The Islamic Republic of Afghanistan, with cooperation of the international community, is constantly improving the Afghan National Security Forces in terms of numbers and professionalism. The Ministries of Defence and Interior have taken effective steps in this direction during the last ten years. Every day, thousands of Afghan youth from different parts of the country go to the army and police recruitment centres to enlist.
After the recruitment process, the brave Afghan youths are provided with short and long-term training programmes by the government security departments. Many Afghan officers in the military and police impart these training courses. The curricula include military skills, the Afghan constitution, prohibition of violence against women, child protection laws, human rights, and weapon tactics are all covered in their transition from civilian to professional soldier or police.
The Police Training Centre in Parwan is where hundreds of police officers are currently training. Recently, this centre celebrated its seventh graduation class in the presence of government officials as 187 police officers received their graduation certificates. The officers were trained for four and a half months by Afghan instructors and are now ready to put their new skills and education to work for peace in Afghanistan.
The centre has trained hundreds of professional police officers since it began its activities in the province. According to General Paiman, the General Commander of the Parwan Training Centre, 1,261 police officers have graduated the sergeant course since the centre opened.
“We have hundreds of police officers in training and every one of them is here because they believe in our country. The Afghan instructors, assisted by the international community, are working day and night to build a more professional police force for the community,” General Paiman said.
“I will serve Afghanistan and my people,” is the motto all Afghan military and police officers proclaim after graduating from the training programmes.
Najibullah, one of the officers who recently graduated from the centre, said, “The mentors were very professional and knowledgeable. As an Afghan, I am ready to do my job in every corner of the country. Serving the country and my people is the greatest honour for me.”
Brigadier General Jawed Beheshti, Deputy General Commander of Education at the Ministry of Interior, urged the newly graduated officers to respect the sanctity and purity of their duty. He told the officers, “You can succeed when you earn people’s satisfaction and trust; and you can win the people’s trust when you are honest in your duty.”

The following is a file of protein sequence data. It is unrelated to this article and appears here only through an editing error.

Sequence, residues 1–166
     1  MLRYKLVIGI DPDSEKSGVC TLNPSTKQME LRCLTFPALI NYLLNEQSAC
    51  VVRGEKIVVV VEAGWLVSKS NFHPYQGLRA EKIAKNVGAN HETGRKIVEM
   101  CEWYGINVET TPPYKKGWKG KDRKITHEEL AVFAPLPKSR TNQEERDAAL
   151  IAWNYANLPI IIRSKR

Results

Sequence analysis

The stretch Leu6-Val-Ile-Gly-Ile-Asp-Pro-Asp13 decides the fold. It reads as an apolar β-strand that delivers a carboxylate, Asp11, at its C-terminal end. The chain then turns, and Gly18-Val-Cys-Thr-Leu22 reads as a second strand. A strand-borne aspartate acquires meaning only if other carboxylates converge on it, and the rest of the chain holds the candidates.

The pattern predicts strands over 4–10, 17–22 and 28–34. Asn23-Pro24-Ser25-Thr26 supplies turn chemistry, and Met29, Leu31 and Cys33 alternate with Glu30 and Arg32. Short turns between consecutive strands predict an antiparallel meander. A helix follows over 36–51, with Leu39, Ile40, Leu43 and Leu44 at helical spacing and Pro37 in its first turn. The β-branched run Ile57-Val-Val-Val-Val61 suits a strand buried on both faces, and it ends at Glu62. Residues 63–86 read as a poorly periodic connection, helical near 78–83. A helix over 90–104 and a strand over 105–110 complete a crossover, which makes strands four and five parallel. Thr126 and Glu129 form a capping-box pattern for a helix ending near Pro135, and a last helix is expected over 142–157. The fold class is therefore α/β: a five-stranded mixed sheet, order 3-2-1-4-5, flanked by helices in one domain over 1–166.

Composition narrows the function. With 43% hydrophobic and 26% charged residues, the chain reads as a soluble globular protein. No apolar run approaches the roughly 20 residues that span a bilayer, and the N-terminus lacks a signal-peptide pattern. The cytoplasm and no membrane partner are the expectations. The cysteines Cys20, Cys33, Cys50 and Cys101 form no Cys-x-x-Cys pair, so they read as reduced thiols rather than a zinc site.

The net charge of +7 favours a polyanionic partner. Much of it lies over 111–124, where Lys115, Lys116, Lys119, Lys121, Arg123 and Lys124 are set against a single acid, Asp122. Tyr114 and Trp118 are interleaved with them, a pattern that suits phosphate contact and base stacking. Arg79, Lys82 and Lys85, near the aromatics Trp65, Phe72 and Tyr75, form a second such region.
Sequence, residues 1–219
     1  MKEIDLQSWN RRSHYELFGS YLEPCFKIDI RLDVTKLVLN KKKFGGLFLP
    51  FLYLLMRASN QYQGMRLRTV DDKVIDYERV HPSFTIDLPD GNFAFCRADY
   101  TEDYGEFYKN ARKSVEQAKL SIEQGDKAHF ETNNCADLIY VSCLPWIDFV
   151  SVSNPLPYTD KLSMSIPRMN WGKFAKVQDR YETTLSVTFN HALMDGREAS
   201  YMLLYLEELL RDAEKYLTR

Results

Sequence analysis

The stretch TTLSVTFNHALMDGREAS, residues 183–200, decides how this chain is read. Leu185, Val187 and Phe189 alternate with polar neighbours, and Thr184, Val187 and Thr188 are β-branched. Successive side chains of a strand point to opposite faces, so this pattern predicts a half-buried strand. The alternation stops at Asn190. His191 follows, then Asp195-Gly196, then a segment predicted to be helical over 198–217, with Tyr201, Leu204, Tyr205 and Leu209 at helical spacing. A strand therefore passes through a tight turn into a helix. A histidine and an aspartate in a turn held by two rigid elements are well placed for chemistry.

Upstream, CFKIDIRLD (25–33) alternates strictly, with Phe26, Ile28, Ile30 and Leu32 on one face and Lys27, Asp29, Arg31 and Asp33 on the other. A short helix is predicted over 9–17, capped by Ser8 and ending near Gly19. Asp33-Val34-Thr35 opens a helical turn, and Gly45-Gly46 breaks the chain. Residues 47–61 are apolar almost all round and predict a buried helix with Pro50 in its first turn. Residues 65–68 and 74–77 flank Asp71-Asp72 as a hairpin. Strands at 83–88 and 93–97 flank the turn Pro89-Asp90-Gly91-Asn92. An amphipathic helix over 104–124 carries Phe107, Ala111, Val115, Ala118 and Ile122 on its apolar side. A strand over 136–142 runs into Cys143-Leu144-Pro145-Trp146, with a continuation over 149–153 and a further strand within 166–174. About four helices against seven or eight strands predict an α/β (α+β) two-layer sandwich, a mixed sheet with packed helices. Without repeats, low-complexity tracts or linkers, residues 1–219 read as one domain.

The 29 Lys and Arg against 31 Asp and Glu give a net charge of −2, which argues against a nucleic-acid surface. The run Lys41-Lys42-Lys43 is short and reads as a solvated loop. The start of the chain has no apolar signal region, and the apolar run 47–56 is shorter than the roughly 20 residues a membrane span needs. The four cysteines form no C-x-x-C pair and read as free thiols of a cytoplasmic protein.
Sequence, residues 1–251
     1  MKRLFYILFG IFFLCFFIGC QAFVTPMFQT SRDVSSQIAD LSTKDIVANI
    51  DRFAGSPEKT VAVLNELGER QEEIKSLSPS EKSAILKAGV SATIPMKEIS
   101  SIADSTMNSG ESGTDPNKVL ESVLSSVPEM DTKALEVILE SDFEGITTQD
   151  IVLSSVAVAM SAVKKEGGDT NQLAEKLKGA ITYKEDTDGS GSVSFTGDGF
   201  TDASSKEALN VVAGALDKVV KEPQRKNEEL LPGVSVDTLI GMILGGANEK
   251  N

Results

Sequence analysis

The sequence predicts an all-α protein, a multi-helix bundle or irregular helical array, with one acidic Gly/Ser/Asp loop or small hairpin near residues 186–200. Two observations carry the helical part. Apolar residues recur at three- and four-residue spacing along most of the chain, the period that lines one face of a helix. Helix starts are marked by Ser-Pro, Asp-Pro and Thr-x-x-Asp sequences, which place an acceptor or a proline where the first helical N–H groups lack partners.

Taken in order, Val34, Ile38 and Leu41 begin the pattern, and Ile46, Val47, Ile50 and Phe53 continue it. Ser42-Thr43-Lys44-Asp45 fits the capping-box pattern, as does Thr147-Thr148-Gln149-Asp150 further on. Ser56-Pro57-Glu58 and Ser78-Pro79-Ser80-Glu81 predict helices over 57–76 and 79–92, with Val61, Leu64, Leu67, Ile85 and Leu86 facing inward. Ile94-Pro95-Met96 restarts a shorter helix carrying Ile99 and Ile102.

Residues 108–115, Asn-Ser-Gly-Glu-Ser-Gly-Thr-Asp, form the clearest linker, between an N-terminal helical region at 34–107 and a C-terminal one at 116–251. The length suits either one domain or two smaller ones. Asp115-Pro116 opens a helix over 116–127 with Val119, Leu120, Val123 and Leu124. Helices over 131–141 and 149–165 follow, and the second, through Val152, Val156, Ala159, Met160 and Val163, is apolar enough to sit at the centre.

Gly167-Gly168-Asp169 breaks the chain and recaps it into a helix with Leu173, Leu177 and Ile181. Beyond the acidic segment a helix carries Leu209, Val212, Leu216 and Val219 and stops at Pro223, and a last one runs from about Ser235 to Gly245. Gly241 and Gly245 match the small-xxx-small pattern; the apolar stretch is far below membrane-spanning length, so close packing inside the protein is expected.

Ethics and good behaviour is one of the fundamental imperatives for a country’s security forces, especially for police officers because they have a close relationship with the public. Zakia Sangin, a member of the Afghan Parliament, believes that “a just and well-conditioned soul is the key to success for our police officers.” She asked the new graduated police officers to take their place in people’s hearts by demonstrating their professionalism, and honesty.
A few weeks ago, the enemies of Afghanistan launched attacks on the government and civilian targets in parts of Helmand. The brave security personnel of the Afghan National Security Forces forced the enemy to flee, suffering heavy losses.
A delegation, headed by the Afghan Defence Minister, General Bismillah Mohammadi, recently visited Helmand to assess the security situation.
The minister addressed the Afghan security personnel and lauded their sacrifices and professionalism in defending their homeland and fellow countrymen.
“We assessed the situation here. Thank God, the evil and malicious attempts by the enemy of capturing Nawzad, Musa Qala, Sangin and Kajaki have been foiled. Our security forces acted in a coordinated fashion and defeated the enemy,” Gen Mohammad said. He also announced to deploy more troops in the province.
Public Health Minister Dr Suraya Dalil, a member of the delegation, visited the wounded in Lashkar Gah. She asked the provincial health officials to take full care of the victims.
For soldiers and policemen morale is high. Tooryalai, an ANA soldier who was treated for battle wounds in Bost Hospital in Lashkar Gah, told the Afghan channel “One TV” that once recovered he would go back to fight the enemy.
General Sayed Malook, commander of the ANA 215th Maiwand Corps, lauding his men, said that the enemies of peace will never succeed in their designs.
“We have deployed our reserve forces in the districts. You can see that the situation is completely under control, thank God,” he said.
General Sultan Mohammad, the provincial chief of the Afghan Border Police, told the media that most of area was cleared of the insurgents and the search operation was in full swing.
Helmand police chief, General Abdul Qayum Baqizoy, told One TV that in the past British, Danish and US troops used to lead the fighting, but this time, the enemy was defeated by the Afghan forces alone.
He said the insurgents did not have any regard for the civilians and use them as human shields. Referring to the enemy’s evil tactics, the police chief said, “You will not believe that they had planted improvised explosive devices (IEDs) even inside a flour bag in one house. They had planted IEDs inside a clay oven and on the doors of the house.”
Many insurgents took positions in civilian buildings and the residents were forced to leave their houses.
“Near the road where they wanted to plant landmines, they forced the people out of their houses. People were displaced and had to take refuge in the desert,” Gen Malook told the media.
Meanwhile, the Afghan Red Crescent Society has distributed food packages, drugs and tents among the internally displaced people in Helmand.